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On Sunday I took a long walk with my dad, who very coincidentally happened to be in town on a business trip. After we got back home he helped the beau assemble our new IKEA bed frame while I packed my hospital bags. Before he left to go to his hotel we Skyped my mom, but I couldn’t find much to say between all the tears. It was a lot of my mom asking Are you anxious? Are you scared? Why? and me going Yes, mmhmm, I dunno while trying to nonchalantly hide my face in my hands. Crying in front of the ‘rents didn’t feel great at 14 but it felt even worse at 34!

For my “last meal,” as I kept jokingly-but-seriously calling it, I requested boxed macaroni and cheese. We had dinner late, around 10:00 pm, which worked out for the best because I wasn’t allowed to eat after midnight anyway. I finished clearing off my phone, shutting down my computer, and double checking my bags. Around 11:30 we brushed our teeth and gingerly climbed into our brand new bed. I chugged the last of my water, reluctantly set my alarm for 4:23 am, and settled back into my carefully arranged mound of pillows. I’d been sleeping practically sitting up since about week 23, and this was the last night I’d have to do that.

The beau and I chatted in subdued tones for a little while, my head a good two feet above his. “I can’t believe we have to go have a baby in a few hours,” I said.

“Me either,” he said.

“Are you scared?” I asked.

“Yeah.”

I knew that, because I was too.

I guess most people would be excited for a new beginning, but this very much felt like the end.

The beau rolled over to try to get some sleep but I sat there against my wall of pillows, awake, watching the darker corners of the room. We had managed to buy a little time, and the time had run out.

NEXT, SOMEHOW I’M NOT DONE TALKING ABOUT THIS? THE FINAL ACT.

5 Responses to “a breech in several acts: act three”

  1. I love reading your blog, Lyn. I love your honesty and your wit. I know I say that all the time, but it’s true.

    And I’m really glad you’re documenting all this here, because this way you have a record of the experience, and I think you’ll be glad you have that.

  2. Yep. The knowing it’s coming and then it comes faster than it was supposed to is extremely difficult. We were all set to be induced on one day and then I ended up in the hospital 15 hours earlier than the scheduled induction and I could barely deal with it. We weren’t supposed to be here yet – I had 15 more hours to accept that my life was changing. I think I’m glad I didn’t have to face a C-section directly. By the time the c-section became a necessity I had been on drugs for induction for 20 hours and had pushed for 4 hours, there was nothing left of me. I didn’t care what happened to me anymore I just wanted to close my friggin’ eyes for a second – which everyone knows is the very best mental state to meet your baby. Also with throw up all over you, I threw up on myself and Collin as they were wheeling me to the OR.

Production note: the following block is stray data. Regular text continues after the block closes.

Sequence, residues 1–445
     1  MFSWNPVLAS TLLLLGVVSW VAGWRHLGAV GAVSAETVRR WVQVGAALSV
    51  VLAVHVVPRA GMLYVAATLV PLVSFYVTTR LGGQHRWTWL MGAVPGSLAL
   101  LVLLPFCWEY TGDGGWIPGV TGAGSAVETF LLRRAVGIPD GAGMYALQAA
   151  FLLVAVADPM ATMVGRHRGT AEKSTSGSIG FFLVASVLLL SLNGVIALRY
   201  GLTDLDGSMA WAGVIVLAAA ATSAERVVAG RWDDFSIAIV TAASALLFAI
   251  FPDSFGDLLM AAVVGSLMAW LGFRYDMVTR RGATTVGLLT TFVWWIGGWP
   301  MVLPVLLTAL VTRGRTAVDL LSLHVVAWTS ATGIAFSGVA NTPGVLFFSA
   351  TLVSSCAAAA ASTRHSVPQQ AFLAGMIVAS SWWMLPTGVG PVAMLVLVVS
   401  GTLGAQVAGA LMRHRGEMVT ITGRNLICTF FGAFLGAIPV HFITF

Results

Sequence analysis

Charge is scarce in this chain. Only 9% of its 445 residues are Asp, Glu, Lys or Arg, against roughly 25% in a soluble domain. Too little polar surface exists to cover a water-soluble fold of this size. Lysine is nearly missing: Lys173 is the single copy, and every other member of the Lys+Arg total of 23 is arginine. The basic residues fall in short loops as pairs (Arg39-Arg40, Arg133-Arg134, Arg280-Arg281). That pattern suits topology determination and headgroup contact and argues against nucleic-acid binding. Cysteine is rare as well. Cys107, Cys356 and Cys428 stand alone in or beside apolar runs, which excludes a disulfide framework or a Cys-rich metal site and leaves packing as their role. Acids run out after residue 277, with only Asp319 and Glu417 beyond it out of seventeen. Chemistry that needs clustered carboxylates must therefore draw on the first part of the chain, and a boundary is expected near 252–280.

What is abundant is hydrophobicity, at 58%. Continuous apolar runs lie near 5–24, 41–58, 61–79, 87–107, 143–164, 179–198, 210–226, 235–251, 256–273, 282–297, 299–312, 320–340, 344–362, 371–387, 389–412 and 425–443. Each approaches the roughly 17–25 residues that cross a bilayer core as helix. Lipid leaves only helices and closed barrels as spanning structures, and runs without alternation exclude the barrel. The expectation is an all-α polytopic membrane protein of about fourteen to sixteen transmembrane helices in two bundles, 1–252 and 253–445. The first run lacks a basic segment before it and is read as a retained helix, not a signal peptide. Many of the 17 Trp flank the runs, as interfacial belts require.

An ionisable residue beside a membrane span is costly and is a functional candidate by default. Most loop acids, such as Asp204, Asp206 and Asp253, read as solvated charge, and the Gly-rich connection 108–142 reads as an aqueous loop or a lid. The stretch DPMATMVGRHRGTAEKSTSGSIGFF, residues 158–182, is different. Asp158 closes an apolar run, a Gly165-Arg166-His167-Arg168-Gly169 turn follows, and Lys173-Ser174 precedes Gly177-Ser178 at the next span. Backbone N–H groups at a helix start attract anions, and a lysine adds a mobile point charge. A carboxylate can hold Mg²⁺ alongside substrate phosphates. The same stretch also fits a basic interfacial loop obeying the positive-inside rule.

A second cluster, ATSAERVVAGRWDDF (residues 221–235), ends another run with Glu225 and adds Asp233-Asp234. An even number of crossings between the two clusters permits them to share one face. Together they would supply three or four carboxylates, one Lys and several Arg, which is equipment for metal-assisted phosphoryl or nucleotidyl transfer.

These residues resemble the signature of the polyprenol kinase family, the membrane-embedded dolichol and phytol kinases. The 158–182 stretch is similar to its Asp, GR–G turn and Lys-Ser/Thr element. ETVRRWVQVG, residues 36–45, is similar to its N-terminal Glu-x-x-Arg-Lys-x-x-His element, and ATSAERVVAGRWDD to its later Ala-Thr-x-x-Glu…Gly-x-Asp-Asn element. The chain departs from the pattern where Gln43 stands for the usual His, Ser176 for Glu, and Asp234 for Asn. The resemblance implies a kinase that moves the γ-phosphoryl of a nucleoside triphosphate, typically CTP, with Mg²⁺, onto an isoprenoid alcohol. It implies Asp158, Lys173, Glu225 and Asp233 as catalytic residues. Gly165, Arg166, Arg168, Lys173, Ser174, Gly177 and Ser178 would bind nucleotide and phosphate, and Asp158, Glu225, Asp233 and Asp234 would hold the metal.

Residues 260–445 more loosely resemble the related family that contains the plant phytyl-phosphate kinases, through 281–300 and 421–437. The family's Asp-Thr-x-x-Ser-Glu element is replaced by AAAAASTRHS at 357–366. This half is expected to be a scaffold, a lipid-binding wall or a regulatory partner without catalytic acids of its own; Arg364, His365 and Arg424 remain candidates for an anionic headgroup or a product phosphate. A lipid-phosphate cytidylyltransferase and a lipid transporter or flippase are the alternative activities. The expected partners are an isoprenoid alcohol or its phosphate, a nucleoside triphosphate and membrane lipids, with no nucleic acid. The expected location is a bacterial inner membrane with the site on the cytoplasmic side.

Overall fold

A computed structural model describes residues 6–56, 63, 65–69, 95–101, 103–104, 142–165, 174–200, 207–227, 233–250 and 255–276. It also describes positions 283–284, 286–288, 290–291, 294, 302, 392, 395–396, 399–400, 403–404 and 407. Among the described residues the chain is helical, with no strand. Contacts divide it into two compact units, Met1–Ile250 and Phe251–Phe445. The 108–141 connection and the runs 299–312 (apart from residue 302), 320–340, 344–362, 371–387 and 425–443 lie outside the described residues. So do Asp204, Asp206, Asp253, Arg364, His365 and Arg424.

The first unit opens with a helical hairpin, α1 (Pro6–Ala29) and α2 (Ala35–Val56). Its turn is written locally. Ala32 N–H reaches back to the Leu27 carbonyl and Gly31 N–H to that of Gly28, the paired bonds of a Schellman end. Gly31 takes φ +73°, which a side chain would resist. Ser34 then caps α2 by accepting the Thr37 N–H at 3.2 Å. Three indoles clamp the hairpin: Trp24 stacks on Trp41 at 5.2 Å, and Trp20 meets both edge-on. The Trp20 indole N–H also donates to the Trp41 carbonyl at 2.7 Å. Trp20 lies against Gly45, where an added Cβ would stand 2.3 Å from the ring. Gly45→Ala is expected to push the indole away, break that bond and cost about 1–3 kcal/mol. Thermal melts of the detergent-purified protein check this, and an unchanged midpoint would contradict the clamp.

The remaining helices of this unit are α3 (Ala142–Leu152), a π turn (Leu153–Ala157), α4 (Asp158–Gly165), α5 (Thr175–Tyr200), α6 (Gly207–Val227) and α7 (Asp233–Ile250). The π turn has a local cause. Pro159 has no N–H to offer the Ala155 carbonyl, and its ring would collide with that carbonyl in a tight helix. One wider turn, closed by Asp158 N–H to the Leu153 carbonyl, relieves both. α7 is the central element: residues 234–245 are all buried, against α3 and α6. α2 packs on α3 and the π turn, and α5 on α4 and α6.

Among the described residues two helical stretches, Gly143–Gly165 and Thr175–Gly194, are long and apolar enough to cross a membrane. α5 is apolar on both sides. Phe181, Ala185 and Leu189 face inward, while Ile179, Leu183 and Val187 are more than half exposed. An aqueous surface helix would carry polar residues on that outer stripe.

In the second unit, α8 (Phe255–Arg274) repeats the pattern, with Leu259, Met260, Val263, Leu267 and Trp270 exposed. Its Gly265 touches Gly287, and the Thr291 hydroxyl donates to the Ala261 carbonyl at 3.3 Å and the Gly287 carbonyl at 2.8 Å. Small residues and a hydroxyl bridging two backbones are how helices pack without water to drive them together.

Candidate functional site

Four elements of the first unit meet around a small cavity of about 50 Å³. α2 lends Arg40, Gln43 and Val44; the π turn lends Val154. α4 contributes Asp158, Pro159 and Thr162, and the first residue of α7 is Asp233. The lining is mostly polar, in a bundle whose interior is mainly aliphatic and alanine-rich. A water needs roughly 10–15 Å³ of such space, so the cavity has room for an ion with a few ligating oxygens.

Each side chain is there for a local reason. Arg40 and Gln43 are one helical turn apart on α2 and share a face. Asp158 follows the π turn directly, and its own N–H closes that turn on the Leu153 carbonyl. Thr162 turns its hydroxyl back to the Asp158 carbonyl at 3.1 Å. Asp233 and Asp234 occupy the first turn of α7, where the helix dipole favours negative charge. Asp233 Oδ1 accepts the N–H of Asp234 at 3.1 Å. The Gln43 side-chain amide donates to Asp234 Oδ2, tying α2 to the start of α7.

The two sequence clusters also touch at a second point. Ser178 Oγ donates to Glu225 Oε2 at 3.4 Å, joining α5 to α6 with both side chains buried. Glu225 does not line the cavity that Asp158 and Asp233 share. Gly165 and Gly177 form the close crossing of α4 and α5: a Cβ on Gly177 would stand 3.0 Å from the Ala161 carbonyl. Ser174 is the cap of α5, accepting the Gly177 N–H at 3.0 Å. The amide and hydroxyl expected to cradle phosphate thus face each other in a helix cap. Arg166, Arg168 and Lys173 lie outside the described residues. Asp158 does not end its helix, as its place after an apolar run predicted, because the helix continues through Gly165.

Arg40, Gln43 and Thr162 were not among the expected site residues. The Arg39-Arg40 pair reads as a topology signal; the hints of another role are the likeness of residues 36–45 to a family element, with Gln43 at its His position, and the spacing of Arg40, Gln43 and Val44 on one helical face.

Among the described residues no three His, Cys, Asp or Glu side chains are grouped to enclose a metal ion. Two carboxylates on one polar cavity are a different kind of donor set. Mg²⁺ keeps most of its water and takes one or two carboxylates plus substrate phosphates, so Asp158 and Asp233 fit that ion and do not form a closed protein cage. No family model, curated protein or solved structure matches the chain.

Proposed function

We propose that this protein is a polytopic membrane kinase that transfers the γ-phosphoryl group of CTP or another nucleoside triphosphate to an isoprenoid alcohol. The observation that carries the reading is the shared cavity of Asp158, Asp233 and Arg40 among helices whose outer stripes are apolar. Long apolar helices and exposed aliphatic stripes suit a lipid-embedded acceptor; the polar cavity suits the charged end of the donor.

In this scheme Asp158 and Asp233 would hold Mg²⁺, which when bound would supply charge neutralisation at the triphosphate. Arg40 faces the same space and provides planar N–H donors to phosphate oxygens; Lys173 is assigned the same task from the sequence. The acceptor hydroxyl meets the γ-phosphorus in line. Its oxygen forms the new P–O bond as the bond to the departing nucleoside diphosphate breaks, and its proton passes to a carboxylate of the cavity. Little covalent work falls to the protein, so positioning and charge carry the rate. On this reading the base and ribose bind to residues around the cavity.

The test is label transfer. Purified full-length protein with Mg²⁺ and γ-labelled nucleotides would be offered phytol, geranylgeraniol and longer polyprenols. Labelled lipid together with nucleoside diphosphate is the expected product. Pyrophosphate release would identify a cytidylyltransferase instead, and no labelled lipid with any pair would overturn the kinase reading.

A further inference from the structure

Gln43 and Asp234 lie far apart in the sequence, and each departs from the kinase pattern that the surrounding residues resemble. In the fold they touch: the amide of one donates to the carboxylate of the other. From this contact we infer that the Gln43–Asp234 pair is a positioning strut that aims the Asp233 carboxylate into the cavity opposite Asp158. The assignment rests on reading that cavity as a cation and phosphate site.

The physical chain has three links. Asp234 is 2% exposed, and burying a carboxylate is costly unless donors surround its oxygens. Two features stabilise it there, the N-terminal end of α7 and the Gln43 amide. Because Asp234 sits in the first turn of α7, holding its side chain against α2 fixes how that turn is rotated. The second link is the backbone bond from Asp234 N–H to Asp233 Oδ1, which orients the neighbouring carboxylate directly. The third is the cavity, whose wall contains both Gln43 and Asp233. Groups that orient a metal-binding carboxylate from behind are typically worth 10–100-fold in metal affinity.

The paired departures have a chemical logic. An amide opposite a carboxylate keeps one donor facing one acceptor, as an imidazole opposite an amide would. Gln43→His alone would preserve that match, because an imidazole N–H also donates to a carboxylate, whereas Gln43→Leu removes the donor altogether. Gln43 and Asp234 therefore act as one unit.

• Jeez…see what I did there? I co-opted your whole story and made it about me. Cool jerk-face. Can you tell I’m still trying to figure out a way to “process” how my baby got here. That is all to say I love your writing and sharing and it makes me feel better. The horribleness and confusion of deciding what date to pick is palpable; it’s tough to make decisions for a baby that is still mostly theoretical. And I do understand wanting to see what labor feels like.
      There is so much stuff floating around about how medical intervention is BAD – unless medically necessary; getting the baby out early is BAD – unless medically necessary; and these interventions are supposedly being shoved down everyone’s throats so when you are told you need to get that baby out early you’re skeptical and confused and then doubting everyone. It’s a pit of confusion.

      • No no no! You aren’t co-opting anything. And I can’t believe you had to go through 20 hours of induction and then FOUR HOURS of pushing! Woooooof. You are insanely strong.

        I had it easy and I still regularly had a hard time with it until about 8 or 9 months later. I had a lot of anger and grief, for some reason, and it felt unexplainable and unjustifiable. Anyway, all of this is to say to take the time you need to process, there is no deadline.

        I never thought of it that way, re: medical interventions, but now that I’m thinking about it I think that did play into a lot of my guilt and doubt. I had been coached that hospitals/doctors didn’t really have my best interests at heart and maybe in some cases that’s true. But it really ends up putting a lot of the burden of proof on YOU to verify what’s “necessary” and what’s not. It kind of pits you against your health care providers from the start, when ideally you should just be able to trust them. I get where the distrust came in, but it’s almost gone too far the other direction. Ugh, I don’t know. You’ve given me a lot to think about.

  3. I know exactly what you mean about your plans being upset and the apparent theft of time. I was so sure my kiddo was going to be late; when I found out I was in labor I was shocked and indignant that I was having to cancel work things and probably wasn’t going to have a haircut on Saturday after all. And now he’s over two weeks old and we’re still using a cardboard box as a laundry hamper (THANKS FEDEX).

    Two and half weeks snatched out of your hands is no joke.

    I love reading this series, btw.